Brexit is responsible for the continuing flight ban from the UK to Sharm el Sheikh, a leading tourism figure has claimed.

For two years, British airlines have been banned from flying to Egypt’s leading tourist resort. The prohibition was brought in five days after a crash on 31 October 2015. It is thought that a bomb was placed on board a Russian jet at Sharm el Sheikh airport: 224 people died when their Metrojet charter flight from to St Petersburg in Russia crashed in the Sinai desert.

The UK Government took the unprecedented step of banning British airlines from flying from the Red Sea airport.

Other countries have removed their bans on flying, and there are frequent flights to Sharm el Sheikh from Germany, Italy, Switzerland and other European countries.

Restrictions on flights to Egypt were partly blamed for the demise of Monarch Airlines last month.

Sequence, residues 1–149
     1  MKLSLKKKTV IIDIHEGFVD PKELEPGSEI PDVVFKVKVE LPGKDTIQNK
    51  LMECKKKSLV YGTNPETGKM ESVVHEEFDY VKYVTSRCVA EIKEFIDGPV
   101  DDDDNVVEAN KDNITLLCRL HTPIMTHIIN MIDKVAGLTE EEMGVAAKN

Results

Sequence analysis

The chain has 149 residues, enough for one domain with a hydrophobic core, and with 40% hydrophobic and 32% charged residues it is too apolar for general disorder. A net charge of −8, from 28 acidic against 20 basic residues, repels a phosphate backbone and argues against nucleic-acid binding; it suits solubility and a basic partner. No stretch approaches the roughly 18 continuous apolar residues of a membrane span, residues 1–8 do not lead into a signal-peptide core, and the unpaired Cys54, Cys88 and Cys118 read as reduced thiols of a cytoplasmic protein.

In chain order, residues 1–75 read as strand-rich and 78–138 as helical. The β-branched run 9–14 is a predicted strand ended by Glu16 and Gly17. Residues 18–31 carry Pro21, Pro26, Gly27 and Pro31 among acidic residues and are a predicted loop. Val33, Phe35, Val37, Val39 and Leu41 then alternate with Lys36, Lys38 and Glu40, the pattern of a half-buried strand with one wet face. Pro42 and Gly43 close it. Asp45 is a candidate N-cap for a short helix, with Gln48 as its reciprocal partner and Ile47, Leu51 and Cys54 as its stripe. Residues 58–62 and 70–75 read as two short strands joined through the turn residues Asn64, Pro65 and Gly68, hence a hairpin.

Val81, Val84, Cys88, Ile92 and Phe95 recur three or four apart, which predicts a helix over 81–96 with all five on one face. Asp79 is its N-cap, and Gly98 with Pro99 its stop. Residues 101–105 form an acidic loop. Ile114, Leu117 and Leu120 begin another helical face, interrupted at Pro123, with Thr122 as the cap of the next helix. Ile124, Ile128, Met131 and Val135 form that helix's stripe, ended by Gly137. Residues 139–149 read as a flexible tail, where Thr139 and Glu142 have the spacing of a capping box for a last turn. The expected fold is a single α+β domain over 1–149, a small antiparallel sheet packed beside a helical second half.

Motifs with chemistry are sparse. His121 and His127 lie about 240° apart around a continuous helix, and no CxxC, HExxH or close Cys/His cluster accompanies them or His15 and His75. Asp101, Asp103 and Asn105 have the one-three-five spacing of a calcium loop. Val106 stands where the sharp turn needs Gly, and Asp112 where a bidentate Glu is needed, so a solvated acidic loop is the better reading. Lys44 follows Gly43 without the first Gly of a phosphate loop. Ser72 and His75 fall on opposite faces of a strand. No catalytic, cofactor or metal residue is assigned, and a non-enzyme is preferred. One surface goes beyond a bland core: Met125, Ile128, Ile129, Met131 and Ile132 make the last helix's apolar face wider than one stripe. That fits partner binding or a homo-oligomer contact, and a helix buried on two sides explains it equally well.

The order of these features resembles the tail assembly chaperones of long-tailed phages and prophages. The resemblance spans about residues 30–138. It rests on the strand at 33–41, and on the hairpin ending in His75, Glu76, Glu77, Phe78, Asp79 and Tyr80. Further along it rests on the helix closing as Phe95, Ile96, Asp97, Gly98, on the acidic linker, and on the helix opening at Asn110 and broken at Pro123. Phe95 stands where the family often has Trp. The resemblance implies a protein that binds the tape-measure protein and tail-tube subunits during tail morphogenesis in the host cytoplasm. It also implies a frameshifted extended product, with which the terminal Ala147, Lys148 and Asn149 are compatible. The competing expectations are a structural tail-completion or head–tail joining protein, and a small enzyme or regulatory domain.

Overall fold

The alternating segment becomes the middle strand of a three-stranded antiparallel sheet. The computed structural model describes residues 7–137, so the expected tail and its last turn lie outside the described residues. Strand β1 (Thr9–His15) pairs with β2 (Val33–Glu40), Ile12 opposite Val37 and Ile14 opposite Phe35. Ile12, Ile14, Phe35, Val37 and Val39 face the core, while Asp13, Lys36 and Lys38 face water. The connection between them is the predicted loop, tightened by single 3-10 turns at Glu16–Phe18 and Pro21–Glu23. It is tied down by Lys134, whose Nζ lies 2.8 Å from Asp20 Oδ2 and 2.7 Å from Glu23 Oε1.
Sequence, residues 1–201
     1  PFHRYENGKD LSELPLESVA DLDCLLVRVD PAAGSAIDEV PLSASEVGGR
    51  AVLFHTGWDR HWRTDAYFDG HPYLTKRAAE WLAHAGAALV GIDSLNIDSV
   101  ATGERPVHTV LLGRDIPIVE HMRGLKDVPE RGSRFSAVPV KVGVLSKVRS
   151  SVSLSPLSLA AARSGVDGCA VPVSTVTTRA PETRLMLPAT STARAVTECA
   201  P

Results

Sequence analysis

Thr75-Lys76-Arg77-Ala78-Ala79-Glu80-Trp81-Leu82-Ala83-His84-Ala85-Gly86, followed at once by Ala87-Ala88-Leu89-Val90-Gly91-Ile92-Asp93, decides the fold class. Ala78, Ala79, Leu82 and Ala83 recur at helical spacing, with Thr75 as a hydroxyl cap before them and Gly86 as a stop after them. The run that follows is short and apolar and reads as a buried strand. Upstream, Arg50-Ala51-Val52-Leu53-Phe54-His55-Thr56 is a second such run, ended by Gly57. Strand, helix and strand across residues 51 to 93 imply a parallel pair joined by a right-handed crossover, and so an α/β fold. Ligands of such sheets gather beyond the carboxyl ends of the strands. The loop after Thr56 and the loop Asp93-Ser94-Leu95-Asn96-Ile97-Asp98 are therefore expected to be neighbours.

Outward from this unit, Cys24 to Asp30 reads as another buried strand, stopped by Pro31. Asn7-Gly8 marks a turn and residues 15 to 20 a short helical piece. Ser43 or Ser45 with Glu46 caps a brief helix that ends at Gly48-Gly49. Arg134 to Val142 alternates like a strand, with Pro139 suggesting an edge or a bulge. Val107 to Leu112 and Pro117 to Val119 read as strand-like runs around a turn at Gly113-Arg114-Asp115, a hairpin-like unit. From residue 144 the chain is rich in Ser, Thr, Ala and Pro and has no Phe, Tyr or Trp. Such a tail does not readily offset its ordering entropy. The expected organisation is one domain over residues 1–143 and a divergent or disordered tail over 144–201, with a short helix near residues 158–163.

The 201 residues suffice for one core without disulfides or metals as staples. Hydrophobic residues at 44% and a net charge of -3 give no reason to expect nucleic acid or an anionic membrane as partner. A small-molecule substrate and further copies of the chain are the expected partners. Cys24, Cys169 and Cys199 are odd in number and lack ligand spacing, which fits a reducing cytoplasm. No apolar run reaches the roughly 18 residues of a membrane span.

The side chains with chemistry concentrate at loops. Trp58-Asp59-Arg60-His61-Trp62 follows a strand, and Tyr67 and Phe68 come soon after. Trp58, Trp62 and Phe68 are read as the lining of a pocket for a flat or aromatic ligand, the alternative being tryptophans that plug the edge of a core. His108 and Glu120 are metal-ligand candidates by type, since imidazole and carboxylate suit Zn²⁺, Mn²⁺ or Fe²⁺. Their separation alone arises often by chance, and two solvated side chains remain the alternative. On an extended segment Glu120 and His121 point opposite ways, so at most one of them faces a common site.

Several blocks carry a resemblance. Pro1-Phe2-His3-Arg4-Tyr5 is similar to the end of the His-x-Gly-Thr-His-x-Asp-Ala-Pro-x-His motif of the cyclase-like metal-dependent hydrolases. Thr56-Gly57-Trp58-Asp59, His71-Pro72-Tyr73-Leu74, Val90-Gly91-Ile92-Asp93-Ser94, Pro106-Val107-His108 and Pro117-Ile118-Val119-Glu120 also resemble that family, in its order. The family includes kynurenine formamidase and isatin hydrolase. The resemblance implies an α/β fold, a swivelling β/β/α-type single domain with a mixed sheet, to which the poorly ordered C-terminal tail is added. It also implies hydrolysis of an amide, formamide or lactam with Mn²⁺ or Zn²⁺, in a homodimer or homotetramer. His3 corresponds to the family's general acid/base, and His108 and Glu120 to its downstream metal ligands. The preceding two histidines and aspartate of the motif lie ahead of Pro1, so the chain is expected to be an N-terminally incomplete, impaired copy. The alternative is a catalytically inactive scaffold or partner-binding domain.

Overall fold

The Egyptian authorities have lobbied vigorously for flights to re-start, but as recently as a month ago the transport secretary, Chris Grayling, said: “We have to be mindful of the security concerns and the risks to the travelling public of the United Kingdom. 

“We hold back only for good security reasons.”

Yet Gerald Lawless, chairman of the World Travel and Tourism Council, told a conference in London that David Cameron was about to end the ban — but his resignation after the EU referendum put paid to the plan.

“David Cameron admitted to us at our summit in Bangkok he was about to allow it but it got put on the back burner,” said Mr Lawless.

The Independent has had separate confirmation of this version of events from a senior travel industry source.

Egypt’s tourism minister, Mohamed Yehia Rashed, told The Independent: “The timing now is perfect to see the comeback of British tourism to Sharm el Sheikh.”

“The threat that is currently in the tourism environment in general is not addressed to Egypt. It is addressed to every human being trying to travel. “They put the fear into the minds of people to get them sceptical about travelling.

“People are sceptical to come to London, to Paris, to Barcelona, to New York.”